Reduce memory usage of gurobipy Model
AnsweredHello,
I am working with quite large linear models and finding myself with problems regarding memory usage. Building the model I observe a huge increase in memory consumption when I use model.addMVar. After I finished building the model (before solving it), I use guppy3 to check what is the driver for the memory usage and get following results:
Partition of a set of 196740289 objects. Total size = 12602398603 bytes.
Index Count % Size % Cumulative % Kind (class / dict of class)
0 45998000 23 4783792000 38 4783792000 38 dict of gurobipy.Var
1 45998000 23 2207904000 18 6991696000 55 gurobipy.Var
2 19216000 10 1998464000 16 8990160000 71 dict of gurobipy.Constr
3 65288898 33 1828137928 15 10818297928 86 int
4 19216000 10 922368000 7 11740665928 93 gurobipy.Constr
5 9826 0 529945320 4 12270611248 97 list
6 65983 0 200351768 2 12470963016 99 numpy.ndarray
7 267297 0 35609664 0 12506572680 99 str
8 61452 0 21082168 0 12527654848 99 dict (no owner)
9 200914 0 14452120 0 12542106968 100 tuple
<2420 more rows. Type e.g. '_.more' to view.>
As I understand it gurobipy internally creates a huge amount of dictionaries which is where most memory is allocated. I was wondering if there is any way to decrease the amount of memory the model itself is using? When I solve the model I don´t observe a memory increase anywhere near the increase when building the model.

Hi Christian,
Could you please provide a minimal reproducible example? Which Gurobi version are you using (please use the latest version if you are not already using it)?
Best regards,
Jaromił0 
Hi Jaromil,
sure! I was working with gurobi 9.5.2. Updating to 10.0 did however only slightly increase the memory usage.
Here is an example. It definetly does not make any sense but will show the memory allocation.import numpy as np
import gurobipy as gp
from gurobipy import GRB
import scipy.sparse as sp
import guppy
n_var = 90000000
n_constraints = 40000000
model = gp.Model()
lb = np.zeros(n_var, dtype=float)
ub = np.full(n_var, 100, dtype=float)
obj = np.ones(n_var, dtype=float)
vtypes = np.full(n_var, GRB.CONTINUOUS)
gp_vars = model.addMVar(n_var, lb, ub, obj, vtypes)
rows = np.arange(n_constraints)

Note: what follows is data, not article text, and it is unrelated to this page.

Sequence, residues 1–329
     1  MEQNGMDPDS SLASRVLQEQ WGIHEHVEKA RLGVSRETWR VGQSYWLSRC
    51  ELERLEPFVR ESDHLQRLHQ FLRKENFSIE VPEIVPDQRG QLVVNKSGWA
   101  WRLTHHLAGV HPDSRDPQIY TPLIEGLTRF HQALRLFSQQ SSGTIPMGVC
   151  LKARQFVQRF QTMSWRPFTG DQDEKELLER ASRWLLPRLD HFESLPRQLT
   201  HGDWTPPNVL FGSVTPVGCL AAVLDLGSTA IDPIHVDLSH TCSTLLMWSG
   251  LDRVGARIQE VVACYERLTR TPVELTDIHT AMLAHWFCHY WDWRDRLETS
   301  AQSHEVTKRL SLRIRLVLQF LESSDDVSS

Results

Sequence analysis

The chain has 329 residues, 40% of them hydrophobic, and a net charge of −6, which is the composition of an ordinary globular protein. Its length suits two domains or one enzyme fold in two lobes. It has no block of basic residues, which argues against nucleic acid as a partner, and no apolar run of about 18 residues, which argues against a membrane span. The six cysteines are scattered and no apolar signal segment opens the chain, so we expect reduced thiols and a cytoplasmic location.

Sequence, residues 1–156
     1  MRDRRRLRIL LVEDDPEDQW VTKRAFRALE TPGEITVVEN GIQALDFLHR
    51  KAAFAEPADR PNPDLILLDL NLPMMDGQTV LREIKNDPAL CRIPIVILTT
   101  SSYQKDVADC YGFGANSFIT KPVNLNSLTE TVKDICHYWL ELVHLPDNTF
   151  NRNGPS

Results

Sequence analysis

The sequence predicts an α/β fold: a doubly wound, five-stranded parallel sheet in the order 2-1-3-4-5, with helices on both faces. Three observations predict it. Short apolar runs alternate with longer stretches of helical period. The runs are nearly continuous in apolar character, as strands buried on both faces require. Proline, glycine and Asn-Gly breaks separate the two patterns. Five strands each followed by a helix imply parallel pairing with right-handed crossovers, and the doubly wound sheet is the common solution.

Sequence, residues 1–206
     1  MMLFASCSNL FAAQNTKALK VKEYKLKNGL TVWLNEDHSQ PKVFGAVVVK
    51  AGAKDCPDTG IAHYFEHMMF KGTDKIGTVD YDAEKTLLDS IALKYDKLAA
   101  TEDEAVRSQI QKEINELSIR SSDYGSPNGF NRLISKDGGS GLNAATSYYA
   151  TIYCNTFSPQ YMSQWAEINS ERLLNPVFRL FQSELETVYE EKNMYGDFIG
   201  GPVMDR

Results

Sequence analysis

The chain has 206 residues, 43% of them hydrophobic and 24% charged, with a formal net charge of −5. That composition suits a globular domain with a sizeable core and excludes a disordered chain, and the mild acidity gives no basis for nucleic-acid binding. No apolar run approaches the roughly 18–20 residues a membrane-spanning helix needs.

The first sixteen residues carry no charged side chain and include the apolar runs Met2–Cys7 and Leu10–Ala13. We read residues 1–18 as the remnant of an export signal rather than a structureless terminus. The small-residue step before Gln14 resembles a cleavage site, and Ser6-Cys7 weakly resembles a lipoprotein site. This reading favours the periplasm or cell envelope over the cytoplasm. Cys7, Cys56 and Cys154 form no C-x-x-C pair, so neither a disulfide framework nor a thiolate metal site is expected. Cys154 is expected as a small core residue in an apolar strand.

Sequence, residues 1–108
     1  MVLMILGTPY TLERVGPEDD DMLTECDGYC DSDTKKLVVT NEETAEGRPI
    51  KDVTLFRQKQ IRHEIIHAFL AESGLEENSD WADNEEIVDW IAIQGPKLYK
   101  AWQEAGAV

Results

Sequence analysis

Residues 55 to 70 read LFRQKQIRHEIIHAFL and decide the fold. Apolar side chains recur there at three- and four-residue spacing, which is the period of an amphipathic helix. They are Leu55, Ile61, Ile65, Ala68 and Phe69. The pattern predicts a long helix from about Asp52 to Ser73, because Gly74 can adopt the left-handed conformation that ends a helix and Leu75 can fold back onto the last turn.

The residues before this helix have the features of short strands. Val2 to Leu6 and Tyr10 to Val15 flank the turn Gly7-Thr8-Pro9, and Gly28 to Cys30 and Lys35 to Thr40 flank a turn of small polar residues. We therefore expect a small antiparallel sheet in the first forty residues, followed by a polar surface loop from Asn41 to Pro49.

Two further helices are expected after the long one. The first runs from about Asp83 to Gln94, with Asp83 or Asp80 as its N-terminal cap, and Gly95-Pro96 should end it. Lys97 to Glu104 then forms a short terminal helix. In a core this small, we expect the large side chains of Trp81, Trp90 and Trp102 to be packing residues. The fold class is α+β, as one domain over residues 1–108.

cols = np.arange(n_constraints)
val = np.ones(n_constraints, dtype=float)
A=sp.csr_matrix((val, (rows, cols)), shape=(n_constraints, n_var))
sense = np.full(n_constraints, '>')
rhs = np.ones(n_constraints, dtype=float)
model.addMConstr(A, gp_vars, sense, rhs)
h=guppy.hpy()
print(h.heap())Output
Partition of a set of 390325818 objects. Total size = 28287024970 bytes.
Index Count % Size % Cumulative % Kind (class / dict of class)
0 90000000 23 9360000000 33 9360000000 33 dict of gurobipy.Var
1 90000000 23 4320000000 15 13680000000 48 gurobipy.Var
2 40000000 10 4160000000 15 17840000000 63 dict of gurobipy.Constr
3 81 0 3800008386 13 21640008386 77 numpy.ndarray
4 130009159 33 3640271656 13 25280280042 89 int
5 40000000 10 1920000000 7 27200280042 96 gurobipy.Constr
6 3960 0 1045994480 4 28246274522 100 list
7 103196 0 13057412 0 28259331934 100 str
8 74405 0 5307456 0 28264639390 100 tuple
9 21552 0 3825727 0 28268465117 100 types.CodeType
<1004 more rows. Type e.g. '_.more' to view.>The increase in memory happens when the variables are created (model.addMVar). And mostly the dictionaries of gurobi variables are using most (~33%) of the storage.
0 
Hi Christian,
The memory consumption you see is currently expected. While our APIs are designed to be only a thin layer on top of the C code, special objects such as MVars require additional handling on the Python layer. These objects are pretty heavy because they are already a dictionary of their attributes. Then, we have to also store additional pointers to vars contained in the MVar object. This all comes on top of the actual values, variable types, lower and upper bounds, and names of each variable.
We are actively working on reducing the memory requirements in these cases.
Best regards,
Jaromił0 
Hi Jaromil,
That´s what I expected. I guess that´s another downside of using python. Thank you very much for your explanation!
Best regards,
Christian0
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